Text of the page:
glfwSetWindowSizeCallback(windowID, sizeCallback);

// Before destroying the window
glfwSetWindowSizeCallback(windowID, null);

Good enough till now, but we can make it even simpler. If you take a keen look at the Java method signature of the glfwSetWindowSizeCallback method, you will see that it accepts the interface which the callback class implements, and that means you can directly pass in the method reference. In that case, we can make it even simpler and avoid the instance field being stored in the class.

glfwSetWindowSizeCallback(windowID, this::myWindowSizeCallback);

// Before destroying the window
glfwSetWindowSizeCallback(windowID, null).free();

As you see now, we are calling free on the object returned by the glfwSetWindowSizeCallback function. According to the GLFW documentation, it returns an instance of the previously set callback, and we are freeing it here. This makes it more simpler.

GLFW Window Callbacks

Not only window size callback, but there are different callbacks that are available to be attached to a window. GLFW can notify you on various window events, like such as window position change, window size change, user hit close button, focus change, window iconified or restored, framebuffer resized etc., To easily use them in the future tutorials, let’s create methods in the Game class that can be overridden.

public void windowMoved(int x, int y) { /* snipped */ }
public void windowResized(int width, int height) { /* snipped */ }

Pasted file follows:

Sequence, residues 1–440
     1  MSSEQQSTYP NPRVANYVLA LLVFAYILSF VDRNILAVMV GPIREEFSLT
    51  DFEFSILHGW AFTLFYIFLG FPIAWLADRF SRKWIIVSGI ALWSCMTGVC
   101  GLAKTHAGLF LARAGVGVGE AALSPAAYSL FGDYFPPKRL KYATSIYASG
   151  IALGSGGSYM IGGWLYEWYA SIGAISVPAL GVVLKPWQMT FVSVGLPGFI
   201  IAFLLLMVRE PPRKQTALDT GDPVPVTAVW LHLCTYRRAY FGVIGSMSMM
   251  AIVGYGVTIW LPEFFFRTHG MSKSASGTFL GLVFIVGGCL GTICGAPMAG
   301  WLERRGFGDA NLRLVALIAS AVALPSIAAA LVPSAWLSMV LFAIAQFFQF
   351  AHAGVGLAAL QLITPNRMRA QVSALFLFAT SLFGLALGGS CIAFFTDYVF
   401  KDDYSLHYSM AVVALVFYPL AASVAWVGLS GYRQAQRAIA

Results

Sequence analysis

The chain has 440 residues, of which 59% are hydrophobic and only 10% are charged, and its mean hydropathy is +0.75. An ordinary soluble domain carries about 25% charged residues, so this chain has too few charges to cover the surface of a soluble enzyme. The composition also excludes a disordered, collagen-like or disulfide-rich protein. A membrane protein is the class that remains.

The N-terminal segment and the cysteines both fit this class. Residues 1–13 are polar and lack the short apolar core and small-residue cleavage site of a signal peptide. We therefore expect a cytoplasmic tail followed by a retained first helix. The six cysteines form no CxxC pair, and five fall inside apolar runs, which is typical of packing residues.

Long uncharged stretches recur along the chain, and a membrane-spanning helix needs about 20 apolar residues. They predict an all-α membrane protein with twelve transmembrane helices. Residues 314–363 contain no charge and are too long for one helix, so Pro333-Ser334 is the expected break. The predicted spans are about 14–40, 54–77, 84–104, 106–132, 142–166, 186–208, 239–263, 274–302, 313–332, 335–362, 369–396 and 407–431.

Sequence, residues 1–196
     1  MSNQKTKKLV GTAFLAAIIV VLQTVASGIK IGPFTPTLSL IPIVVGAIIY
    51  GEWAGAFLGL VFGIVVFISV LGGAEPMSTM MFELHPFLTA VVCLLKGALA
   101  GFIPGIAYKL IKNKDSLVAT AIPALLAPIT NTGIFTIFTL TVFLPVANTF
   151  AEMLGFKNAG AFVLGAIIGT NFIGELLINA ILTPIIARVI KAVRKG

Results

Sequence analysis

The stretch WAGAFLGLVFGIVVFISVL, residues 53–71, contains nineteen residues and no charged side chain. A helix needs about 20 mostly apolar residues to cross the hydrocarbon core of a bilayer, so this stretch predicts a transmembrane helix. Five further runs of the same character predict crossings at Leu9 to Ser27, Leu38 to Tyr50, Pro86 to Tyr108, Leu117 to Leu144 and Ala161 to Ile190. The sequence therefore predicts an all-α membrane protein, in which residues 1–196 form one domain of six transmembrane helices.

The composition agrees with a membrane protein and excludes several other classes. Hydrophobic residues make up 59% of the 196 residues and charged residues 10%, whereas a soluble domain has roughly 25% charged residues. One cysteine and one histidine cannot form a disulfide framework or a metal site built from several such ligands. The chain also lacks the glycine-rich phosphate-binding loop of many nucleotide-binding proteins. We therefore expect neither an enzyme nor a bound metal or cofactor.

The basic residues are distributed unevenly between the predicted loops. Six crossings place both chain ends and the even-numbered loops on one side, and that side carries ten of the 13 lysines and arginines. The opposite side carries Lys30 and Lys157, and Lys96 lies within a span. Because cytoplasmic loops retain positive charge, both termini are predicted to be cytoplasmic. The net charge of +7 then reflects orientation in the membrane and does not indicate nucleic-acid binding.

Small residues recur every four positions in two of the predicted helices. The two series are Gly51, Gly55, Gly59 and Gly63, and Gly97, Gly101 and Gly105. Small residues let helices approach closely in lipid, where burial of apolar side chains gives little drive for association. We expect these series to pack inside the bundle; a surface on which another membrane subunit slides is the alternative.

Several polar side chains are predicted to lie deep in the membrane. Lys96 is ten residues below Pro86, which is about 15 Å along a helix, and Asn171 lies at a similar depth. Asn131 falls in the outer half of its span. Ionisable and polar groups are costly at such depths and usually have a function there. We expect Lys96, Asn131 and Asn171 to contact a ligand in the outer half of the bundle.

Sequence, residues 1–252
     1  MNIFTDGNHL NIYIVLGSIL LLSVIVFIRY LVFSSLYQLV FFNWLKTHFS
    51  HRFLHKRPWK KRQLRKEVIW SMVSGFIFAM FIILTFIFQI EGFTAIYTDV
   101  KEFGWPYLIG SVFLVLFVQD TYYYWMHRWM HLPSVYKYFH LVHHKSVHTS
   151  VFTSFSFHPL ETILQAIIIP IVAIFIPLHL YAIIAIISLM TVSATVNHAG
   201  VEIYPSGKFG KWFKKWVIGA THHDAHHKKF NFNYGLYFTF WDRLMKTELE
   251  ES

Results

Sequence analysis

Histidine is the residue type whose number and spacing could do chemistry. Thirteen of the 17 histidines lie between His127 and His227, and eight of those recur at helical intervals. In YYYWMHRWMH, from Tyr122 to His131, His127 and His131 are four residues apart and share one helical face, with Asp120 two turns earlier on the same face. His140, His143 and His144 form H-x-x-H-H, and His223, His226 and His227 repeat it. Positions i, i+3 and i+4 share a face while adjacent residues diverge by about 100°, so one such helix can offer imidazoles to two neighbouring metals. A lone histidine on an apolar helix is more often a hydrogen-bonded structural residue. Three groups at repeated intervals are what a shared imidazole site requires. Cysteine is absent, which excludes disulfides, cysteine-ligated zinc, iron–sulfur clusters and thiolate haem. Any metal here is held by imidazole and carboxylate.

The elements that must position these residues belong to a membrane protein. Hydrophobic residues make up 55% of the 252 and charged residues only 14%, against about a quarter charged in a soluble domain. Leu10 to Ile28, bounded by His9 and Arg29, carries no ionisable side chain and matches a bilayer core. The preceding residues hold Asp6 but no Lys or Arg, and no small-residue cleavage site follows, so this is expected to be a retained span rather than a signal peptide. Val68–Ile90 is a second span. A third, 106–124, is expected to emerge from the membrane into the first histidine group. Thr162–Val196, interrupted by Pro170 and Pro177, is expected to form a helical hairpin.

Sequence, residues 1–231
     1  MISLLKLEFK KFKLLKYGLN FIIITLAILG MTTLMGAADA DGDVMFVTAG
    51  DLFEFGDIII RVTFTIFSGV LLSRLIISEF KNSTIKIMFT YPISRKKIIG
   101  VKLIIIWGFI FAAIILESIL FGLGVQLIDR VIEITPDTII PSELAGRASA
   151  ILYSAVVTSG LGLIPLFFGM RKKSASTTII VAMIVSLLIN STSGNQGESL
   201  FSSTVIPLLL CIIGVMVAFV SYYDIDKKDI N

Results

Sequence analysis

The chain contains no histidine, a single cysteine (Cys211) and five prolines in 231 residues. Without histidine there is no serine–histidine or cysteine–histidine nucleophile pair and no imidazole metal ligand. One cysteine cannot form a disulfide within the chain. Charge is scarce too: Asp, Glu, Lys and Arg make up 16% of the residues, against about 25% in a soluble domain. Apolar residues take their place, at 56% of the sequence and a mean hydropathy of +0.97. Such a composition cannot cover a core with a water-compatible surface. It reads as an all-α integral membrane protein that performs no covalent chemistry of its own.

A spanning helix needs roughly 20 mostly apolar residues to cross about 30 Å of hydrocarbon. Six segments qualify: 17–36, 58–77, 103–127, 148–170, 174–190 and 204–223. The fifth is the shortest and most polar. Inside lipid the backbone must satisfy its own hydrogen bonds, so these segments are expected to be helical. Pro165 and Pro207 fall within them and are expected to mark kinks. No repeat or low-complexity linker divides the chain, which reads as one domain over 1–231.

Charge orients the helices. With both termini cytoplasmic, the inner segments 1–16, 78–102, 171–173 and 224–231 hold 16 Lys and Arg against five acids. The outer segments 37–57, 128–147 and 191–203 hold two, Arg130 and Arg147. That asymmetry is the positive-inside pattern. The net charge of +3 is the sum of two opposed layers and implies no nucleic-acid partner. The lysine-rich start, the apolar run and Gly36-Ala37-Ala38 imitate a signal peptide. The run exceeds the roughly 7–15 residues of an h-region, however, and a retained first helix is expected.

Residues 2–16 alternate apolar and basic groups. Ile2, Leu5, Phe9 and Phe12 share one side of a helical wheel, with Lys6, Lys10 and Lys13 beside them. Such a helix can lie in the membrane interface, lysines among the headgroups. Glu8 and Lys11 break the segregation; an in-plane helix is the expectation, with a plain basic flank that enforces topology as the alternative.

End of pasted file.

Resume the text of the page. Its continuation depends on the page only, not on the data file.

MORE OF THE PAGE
public void windowClosing() { /* snipped */ }
public void windowFocusChanged(boolean focused) { /* snipped */ }
public void windowIconfyChanged(boolean iconified) { /* snipped */ }
public void framebufferResized(int width, int height) { /* snipped */ }

Now let us register them with the window in the start method. Set the callbacks before the event loop and free them before destroying the window.

// Registering callbacks (before game loop)
glfwSetWindowPosCallback(windowID, (window, x, y) -> windowMoved(x, y));
glfwSetWindowSizeCallback(windowID, (window, width, height) -> windowResized(width, height));
glfwSetWindowCloseCallback(windowID, window -> windowClosing());
glfwSetWindowFocusCallback(windowID, (window, focused) -> windowFocusChanged(focused));
glfwSetWindowIconifyCallback(windowID, (window, iconified) -> windowIconfyChanged(iconified));
glfwSetFramebufferSizeCallback(windowID, (window, width, height) -> framebufferResized(width, height));

// Freeing callbacks (after game loop)
glfwSetWindowPosCallback(windowID, null).free();
glfwSetWindowSizeCallback(windowID, null).free();
glfwSetWindowCloseCallback(windowID, null).free();
glfwSetWindowFocusCallback(windowID, null).free();
glfwSetWindowIconifyCallback(windowID, null).free();
glfwSetFramebufferSizeCallback(windowID, null).free();

And that should complete the use of callbacks with GLFW and LWJGL. It looks so simple, and easier once you gain familiarity. From the future tutorials, you can just override these public methods simply. In the next part of the series, let us take a look at using input in GLFW.

Source Code

All the source code in this series is hosted on the GitHub repository here.